Dan Kaufman has an unlikely success mixing rock music and the Holocaust
Dan Kaufman’s new album, Force Of Light, issued by American avant-garde composer John Zorn’s Tzadik label, is a pensive yet powerful response to the work of post-war poet and Romanian-Jewish Holocaust survivor Paul Celan.
The leader of the leftfield rock group Barbez, Kaufman uses to mesmerising effect extracts of Celan’s poetry, read by Scottish poet Fiona Templeton, and a variety of musical styles from experimental jazz and post-rock to Eastern European folk and classical.
Force Of Light provides an insight into the mind of a man who, in his 20s, spent two years in labour camps in southern Romania, saw his parents deported to a concentration camp where his father died of typhus and his mother was shot, and committed suicide by drowning himself in the River Seine in 1970, having been wracked for years with guilt at having evaded Hitler’s Final Solution.
The music that Kaufman and his players have created is moving in its slow stillness, quietly disturbing, with corrosive, angular passages to evoke the horror of the period in question. Overall, however, there is a sense of the transcendence of the human spirit — hence the title of the record. It is by no means harrowing or daunting, as Kaufman and Barbez deploy their unconventional Theremin-marimba-vibes-guitar-bass-drum ensemble in a curiously engaging manner.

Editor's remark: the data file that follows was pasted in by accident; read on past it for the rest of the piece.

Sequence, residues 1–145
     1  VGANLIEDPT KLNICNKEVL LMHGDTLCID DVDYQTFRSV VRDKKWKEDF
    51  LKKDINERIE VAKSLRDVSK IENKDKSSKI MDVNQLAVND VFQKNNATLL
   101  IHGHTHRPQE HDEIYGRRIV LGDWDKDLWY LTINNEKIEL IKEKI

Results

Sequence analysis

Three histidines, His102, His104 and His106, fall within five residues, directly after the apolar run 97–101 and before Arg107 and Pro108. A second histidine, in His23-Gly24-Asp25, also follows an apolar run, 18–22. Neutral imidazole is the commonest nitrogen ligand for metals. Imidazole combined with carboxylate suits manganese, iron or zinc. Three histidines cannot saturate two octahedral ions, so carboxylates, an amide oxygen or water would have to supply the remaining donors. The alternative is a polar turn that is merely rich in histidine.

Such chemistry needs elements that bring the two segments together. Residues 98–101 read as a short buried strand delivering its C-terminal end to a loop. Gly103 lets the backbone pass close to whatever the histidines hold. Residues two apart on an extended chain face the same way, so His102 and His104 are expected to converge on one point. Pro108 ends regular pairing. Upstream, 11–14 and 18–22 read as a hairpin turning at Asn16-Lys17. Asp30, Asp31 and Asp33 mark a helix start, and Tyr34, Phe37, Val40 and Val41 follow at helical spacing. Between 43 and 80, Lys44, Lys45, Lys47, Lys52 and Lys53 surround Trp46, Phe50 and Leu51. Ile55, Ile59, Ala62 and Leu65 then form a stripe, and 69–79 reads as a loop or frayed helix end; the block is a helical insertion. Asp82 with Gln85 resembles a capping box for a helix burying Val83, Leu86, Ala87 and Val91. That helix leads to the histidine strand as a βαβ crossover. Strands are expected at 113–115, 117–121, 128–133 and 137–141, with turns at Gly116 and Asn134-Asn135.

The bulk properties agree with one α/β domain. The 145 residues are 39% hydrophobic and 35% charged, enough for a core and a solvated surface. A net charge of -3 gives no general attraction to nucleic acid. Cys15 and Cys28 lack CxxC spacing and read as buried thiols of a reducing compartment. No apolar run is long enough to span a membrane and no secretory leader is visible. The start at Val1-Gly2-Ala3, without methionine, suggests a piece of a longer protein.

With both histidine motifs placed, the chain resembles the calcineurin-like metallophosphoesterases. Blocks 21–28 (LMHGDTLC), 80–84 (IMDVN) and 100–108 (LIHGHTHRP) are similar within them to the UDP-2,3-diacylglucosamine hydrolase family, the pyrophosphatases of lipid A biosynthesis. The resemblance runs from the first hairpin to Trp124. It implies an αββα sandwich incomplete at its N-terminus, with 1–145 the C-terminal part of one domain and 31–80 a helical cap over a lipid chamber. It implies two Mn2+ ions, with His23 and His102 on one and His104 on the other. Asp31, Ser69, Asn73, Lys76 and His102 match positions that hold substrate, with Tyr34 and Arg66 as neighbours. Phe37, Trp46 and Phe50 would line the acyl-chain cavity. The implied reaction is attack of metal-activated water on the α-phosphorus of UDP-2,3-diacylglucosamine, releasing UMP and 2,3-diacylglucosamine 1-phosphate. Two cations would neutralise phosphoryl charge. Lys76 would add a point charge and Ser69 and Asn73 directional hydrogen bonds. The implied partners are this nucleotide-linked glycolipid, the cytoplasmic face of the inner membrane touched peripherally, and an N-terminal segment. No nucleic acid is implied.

On a lunch-break from his job as fact-checker for the New York Times, Kaufman says: “I was very conscious of trying to honour Celan with a certain restraint because I felt that that typified his poetry; a kind of restrained anger or fury. But there are a lot of different moods and qualities on the album, from the deeply meditative to more exuberant and chaotic sounds.
“I hope that the horror and tragedy of the Holocaust and Celan’s life are evident in the music, but I also hope that there’s something in there representative of Celan trying to overcome, or at least reckon with, what happened to him. I was just trying to explain it in a musical way. The record is an homage to Paul Celan, but the Holocaust wasn’t his total life. Most of the work that I chose [for the voiceovers] was related to the Holocaust, but he would have been a great poet regardless. It wasn’t just the war that made him great.”
Kaufman, exactly 50 years younger than Celan, was born in 1970, in Madison, Wisconsin, a “pleasant hippie town and hotbed of ’60s radicalism”. His upbringing was “religious mixed in with a kind of liberal politics”, he says. “My mom was very into Jewish culture, religion and civilisation. Growing up, we were Conservative, which is between Reform and Orthodox, but there’s a type of Judaism that’s tiny called Reconstructionist, which is now what my folks are, and probably what I am closest to, too — which is a sort of hodgepodge.”
Because his father, a university professor, took a job in Israel, when Kaufman was 13, he moved to Haifa, where he learned to speak Hebrew fluently. He enjoyed the life but hated the school and culture, which he found “militaristic and more macho than I was used to in the States. I just didn’t fit. It seemed like a rigid society: you’d have to stand up and salute your teacher when he or she entered the room.”